With a Prayer

St. Patrick's Cathedral in New York City

I have prayed out loud with a few patients over the years at their request. I will admit, however, that I am personally very uncomfortable with public displays of my faith. I am not sure my prayers carry the weight and power that some people believe that they should. I feel somewhat hypocritical for that reason, as if I am selling a faulty product. 

That being said, I do pray privately for patients on a regular basis:

Please, God, protect my patients from my mistakes. Help your love for them to show through me…

When I pray for others, do I believe I am swaying God in any way? Not really. Prayer is not so much about others as it is about me, a sort of mindfulness. I need a reminder that I am a fallible human being and that I must demonstrate compassion to those who are vulnerable. I struggle with that from time to time, just like the next person. 

I could write a book on the various things people do to bargain with their God when they are desperate and in that respect I am just like them. I have my own rituals and my superstitions, my own pleading bargains that I have made. Some may mock me for that. 

Faith, though, keeps me sane. 

And that is good.

Jesteś całym moim światem…


She last visited him at the Vatican the day before he died.

What did she say to him after all of those years? 

What else could she say?

Jesteś całym moim światem.

Thirty years of friendship, longing, love, bittersweet joy, and sadness. 

With a pope. 

Now a saint.

It doesn’t matter if there was a physical component to their relationship. Sometimes love transcends the physical. It transcends time and distance.


Love is immortality. 

Love is sainthood.

GOD is love.



“Mommy, I don’t want to die!” I could taste the fear in my son’s voice.

“Sweetie, you aren’t going to die.”

“But mommy, little kids die. I’m a little kid.”

Where did this come from, anyway?

I deal with death a lot. I have always been at peace with it in the clinical setting. I grieve, but there is peace.

I attended my first funeral at age four when my little friend from church nursery died from a degenerative neuromuscular disorder of some sort. I had seen her waste away over the months and I remember being terribly sad for her that she could not run or walk or even feed herself anymore. Even then I imagined that she was probably pretty happy about not being in a wheelchair even if she did miss her mommy and daddy. I didn’t cry when she died.

Now, as an adult, with my own mortality creeping up on me, deaths of friends and social acquaintances can hit me pretty hard.

So what to do about my son right now? How honest am I supposed to be with a four year old about death and dying?

I decided on being open about it. “Yes, hon, babies die and little kids die.”

“But mommy, I don’t want to die…” The sob was starting to edge into his voice.

So we talked about dying, how mommy has been with many people, even kids, as they were dying, what happens and why and that one way or another mommy would be with him if that ever happened.

Then, we talked about heaven. Streets paved with gold, pearly gates, mansions…he wasn’t digging it. I thought he might, given the fact he was in the midst of his pirate obsession, but nope. So I told him there would be corn dogs…all of the corn dogs he could eat (with ketchup) if he wanted. That was the ticket. Within two minutes he had relaxed and drifted off to sleep.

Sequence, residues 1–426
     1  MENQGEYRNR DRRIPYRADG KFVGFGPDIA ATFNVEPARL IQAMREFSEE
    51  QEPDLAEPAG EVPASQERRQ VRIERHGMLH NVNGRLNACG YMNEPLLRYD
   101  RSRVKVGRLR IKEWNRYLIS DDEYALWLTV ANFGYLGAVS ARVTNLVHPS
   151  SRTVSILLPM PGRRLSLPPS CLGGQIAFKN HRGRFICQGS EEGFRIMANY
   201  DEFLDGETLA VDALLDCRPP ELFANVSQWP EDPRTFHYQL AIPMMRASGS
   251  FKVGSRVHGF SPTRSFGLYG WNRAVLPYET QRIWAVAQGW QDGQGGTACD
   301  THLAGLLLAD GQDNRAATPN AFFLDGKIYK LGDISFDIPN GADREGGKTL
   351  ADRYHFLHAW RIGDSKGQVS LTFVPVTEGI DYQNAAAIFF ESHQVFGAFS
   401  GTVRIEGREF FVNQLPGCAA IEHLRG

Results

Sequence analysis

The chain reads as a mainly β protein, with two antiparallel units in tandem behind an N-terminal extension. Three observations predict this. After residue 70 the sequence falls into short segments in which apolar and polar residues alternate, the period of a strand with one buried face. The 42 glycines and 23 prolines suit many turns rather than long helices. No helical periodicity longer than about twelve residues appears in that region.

So there you have it, folks. Corn dogs. Corn dogs in heaven? I think heaven HAS to be different things for different people. For my son it will have corn dogs.

Do you believe in heaven? What will heaven look like for you? 

If this looks familiar, you are not crazy. It is a rewrite of an old post from last year…



“There is something else going on, isn’t there?” She was not taking her medication again. She always stopped when something else was going on at home. A breakup. Money trouble. Unemployment. It was a good bet.

“Doc, I can’t do it.” There was a quiet sob.

I looked up from the computer. She had tears streaming down her face again. “Do what?” I had seen the tears before. I felt annoyance rising up inside me. I put the computer down on the counter and handed her a box of tissues. 

Then, the whole bloody mess came spilling out.

Her father had molested her repeatedly for years. In fact, she had been impregnated by him when she was twelve and the baby was put up for adoption. Now, as a young adult with two small children, her father was trying to reinsert himself into her life. Seeking counsel from her pastor she was told she had to forgive him, to allow him back, allow him access to herself and her children. 

If she did not, she would be damned forever.

“I just cannot do it.” She moaned through clinched teeth, “If he touches my kids I will kill him.”

I will help you.

“That is not what forgiveness is.”

“What do you mean?” Her eyes bored into me. 

“That is not Biblical forgiveness, being told you have to allow him back into your life in order to curry favor with God.”


“How do I know? How can I question what a pastor says?”


“I have a personal interest in forgiveness, particularly Biblical forgiveness. Forgiveness is for you, not him or anyone else. It is something that happens inside of you and cannot be mandated by anyone. It does not demand that you maintain any sort of contact with that man and it certainly does not demand that you endanger your kids.”